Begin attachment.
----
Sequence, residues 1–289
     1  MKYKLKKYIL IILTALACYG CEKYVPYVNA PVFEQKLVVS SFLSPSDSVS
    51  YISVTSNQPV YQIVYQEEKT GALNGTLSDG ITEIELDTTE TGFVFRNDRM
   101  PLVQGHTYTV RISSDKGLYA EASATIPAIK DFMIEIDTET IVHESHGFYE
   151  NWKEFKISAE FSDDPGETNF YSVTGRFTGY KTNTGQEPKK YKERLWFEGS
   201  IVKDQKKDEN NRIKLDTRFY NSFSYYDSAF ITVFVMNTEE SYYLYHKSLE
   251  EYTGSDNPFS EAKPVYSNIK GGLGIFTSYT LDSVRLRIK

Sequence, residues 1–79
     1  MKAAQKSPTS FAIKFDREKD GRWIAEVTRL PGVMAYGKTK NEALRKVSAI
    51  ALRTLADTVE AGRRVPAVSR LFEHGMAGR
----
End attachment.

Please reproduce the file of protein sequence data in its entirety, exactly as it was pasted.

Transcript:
Sequence, residues 1–289
     1  MKYKLKKYIL IILTALACYG CEKYVPYVNA PVFEQKLVVS SFLSPSDSVS
    51  YISVTSNQPV YQIVYQEEKT GALNGTLSDG ITEIELDTTE TGFVFRNDRM
   101  PLVQGHTYTV RISSDKGLYA EASATIPAIK DFMIEIDTET IVHESHGFYE
   151  NWKEFKISAE FSDDPGETNF YSVTGRFTGY KTNTGQEPKK YKERLWFEGS
   201  IVKDQKKDEN NRIKLDTRFY NSFSYYDSAF ITVFVMNTEE SYYLYHKSLE
   251  EYTGSDNPFS EAKPVYSNIK GGLGIFTSYT LDSVRLRIK

Sequence, residues 1–79
     1  MKAAQKSPTS FAIKFDREKD GRWIAEVTRL PGVMAYGKTK NEALRKVSAI
    51  ALRTLADTVE AGRRVPAVSR LFEHGMAGR